Outcomes and achievements
The East Dumfriesshire Regional Community Plan was published in February 2021.
The plan includes an area profile and outlines the area’s challenges, explains the consultation process, summaries the findings of the consultation, and sets out a proposed plan for the area. It also captures thoughts on the way windfarm funds are managed.
A second document, called ‘East Dumfriesshire Community Consultation Feedback’, describes the feedback received in more detail and is an essential reference for anyone looking to develop an action plan in their own local community. The community consultation produced 909 project ideas, all of which have been included in the analysis. The DECBG plans to use this document alongside the community plan to check that any project ideas submitted for funding have community support.
The regional community plan identifies seven key themes:
- healthy living
- eco efficiency
- community cohesion.
The consultation determined what kind of projects the communities wanted, where the greatest need was, what difficulties there might be, which projects would provide the biggest benefit, and which would be achievable.
The consultation feedback sets out what these key projects might be and how they can be achieved. It covers the whole area but also includes details which are specific to its local communities.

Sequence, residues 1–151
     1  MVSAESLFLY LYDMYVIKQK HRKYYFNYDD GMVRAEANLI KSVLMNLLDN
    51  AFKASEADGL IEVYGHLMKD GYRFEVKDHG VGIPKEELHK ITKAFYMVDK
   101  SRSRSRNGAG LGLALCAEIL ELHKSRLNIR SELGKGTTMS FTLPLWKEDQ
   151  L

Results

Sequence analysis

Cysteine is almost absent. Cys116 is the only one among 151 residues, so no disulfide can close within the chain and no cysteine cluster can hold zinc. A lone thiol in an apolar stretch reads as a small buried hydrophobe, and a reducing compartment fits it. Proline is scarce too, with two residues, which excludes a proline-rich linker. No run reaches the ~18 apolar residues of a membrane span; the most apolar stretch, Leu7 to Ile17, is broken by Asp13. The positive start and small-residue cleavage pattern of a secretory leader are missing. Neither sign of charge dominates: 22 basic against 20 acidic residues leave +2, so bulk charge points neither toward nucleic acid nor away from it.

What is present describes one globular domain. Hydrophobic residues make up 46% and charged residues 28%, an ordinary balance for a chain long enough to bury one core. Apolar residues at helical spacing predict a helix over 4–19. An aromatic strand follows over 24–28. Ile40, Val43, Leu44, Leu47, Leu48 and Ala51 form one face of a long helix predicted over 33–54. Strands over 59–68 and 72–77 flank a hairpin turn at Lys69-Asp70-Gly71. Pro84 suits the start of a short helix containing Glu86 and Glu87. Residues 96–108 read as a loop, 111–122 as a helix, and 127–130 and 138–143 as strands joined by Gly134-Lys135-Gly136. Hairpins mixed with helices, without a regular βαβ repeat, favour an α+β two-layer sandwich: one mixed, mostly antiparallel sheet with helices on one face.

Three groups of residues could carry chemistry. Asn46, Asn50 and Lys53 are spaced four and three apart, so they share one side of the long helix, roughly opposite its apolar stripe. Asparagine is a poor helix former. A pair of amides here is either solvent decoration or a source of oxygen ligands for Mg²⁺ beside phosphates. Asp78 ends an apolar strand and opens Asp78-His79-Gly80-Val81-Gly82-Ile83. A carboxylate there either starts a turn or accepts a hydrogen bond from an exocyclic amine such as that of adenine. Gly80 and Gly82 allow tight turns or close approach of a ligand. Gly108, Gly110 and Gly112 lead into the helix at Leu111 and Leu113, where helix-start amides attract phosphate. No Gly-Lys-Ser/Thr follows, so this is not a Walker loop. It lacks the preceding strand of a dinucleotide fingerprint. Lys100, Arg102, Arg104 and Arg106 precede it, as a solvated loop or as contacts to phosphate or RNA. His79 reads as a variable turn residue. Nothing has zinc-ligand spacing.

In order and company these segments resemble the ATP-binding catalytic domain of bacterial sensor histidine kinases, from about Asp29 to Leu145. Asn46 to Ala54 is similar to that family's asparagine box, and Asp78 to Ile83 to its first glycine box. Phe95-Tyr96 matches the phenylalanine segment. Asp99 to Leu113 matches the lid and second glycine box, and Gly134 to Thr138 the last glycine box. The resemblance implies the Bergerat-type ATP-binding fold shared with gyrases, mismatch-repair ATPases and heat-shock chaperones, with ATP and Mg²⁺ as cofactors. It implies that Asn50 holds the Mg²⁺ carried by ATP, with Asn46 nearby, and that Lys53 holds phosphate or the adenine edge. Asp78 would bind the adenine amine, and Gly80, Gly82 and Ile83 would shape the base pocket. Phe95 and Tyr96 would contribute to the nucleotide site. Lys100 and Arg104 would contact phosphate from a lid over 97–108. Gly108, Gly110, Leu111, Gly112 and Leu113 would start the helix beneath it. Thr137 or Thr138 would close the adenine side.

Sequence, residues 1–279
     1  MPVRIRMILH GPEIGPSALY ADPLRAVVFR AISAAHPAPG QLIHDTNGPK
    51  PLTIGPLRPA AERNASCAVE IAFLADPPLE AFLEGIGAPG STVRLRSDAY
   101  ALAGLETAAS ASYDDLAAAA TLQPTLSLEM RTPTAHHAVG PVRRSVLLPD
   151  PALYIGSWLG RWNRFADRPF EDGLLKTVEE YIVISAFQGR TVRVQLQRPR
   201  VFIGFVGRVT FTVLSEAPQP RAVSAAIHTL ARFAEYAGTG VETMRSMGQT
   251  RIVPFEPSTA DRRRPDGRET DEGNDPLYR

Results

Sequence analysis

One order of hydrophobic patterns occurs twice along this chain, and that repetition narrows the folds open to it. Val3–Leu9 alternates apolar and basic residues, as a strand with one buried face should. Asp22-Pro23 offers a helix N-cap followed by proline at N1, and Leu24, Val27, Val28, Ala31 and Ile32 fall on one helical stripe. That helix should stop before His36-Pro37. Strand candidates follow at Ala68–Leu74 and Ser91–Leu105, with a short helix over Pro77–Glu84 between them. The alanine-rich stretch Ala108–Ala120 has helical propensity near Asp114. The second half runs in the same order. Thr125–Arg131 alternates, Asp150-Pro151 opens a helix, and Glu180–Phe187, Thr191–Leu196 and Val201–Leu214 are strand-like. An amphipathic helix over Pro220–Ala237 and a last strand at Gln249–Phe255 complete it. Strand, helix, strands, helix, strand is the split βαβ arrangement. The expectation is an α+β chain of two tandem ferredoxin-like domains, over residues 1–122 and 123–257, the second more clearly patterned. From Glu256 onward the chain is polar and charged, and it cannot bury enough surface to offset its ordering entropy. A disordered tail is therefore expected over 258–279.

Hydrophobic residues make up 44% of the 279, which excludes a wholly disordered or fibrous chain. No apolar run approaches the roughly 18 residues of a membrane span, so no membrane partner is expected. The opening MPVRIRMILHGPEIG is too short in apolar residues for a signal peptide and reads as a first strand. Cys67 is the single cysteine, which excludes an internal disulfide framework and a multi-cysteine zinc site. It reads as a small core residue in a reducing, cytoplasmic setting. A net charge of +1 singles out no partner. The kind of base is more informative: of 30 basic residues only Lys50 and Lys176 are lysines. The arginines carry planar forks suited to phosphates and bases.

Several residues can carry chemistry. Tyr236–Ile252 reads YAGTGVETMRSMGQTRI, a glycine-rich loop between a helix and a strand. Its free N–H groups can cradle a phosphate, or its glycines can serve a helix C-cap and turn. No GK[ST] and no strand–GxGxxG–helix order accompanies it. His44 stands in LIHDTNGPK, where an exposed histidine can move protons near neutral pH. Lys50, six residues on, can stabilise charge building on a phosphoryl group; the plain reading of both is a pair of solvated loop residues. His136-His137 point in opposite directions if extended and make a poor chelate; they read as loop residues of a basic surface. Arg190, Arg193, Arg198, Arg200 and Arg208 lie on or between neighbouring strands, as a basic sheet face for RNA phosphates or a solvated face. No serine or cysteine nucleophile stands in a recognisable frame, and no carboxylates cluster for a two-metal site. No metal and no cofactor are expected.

A longer-term vision for the area was apparent from the community action plan process. There was a strong sense of ‘future thinking’ and the need to seriously consider the adjustments that communities will need to make as climate change approaches. It was recognised that this is becoming an immediate need, and one that will increase in the approaching years. For this reason, future thinking and climate change touch on every theme that is outlined in the plan.
To help progress projects, the plan suggests that the DECBG either employs a project officer or engages an organisation to provide this support. This support would be particularly important for the smaller communities across East Dumfriesshire.
Creating a shared community development worker post to deliver the plan, whilst also helping to manage and monitor projects being developed by partners, was identified as its number-one priority.
Chris Miles, project lead and chairperson of DECBG, said
“As a result of the Covid restrictions that came in not long after we started talking to people and gathering ideas, it has not been possible to meet or go back to venues to test out conclusions with communities or individuals, as was originally envisaged.
“However, having been able to hold these early meetings and receiving an adequate level of response from the postal consultation we felt that we could adequately reflect the communities’ ideas and conclude the plan’s work and report on the findings.
“This may result in less community identification with the plan, but we had already extended the timeline of the project by a year, and we were worried we may not complete it at all if it dragged on too long.
“We are currently seeking tenders from third-party bodies to provide DECBG with a community development worker and we hope to have someone in post by the autumn of 2021.”
Find out more about DECBG.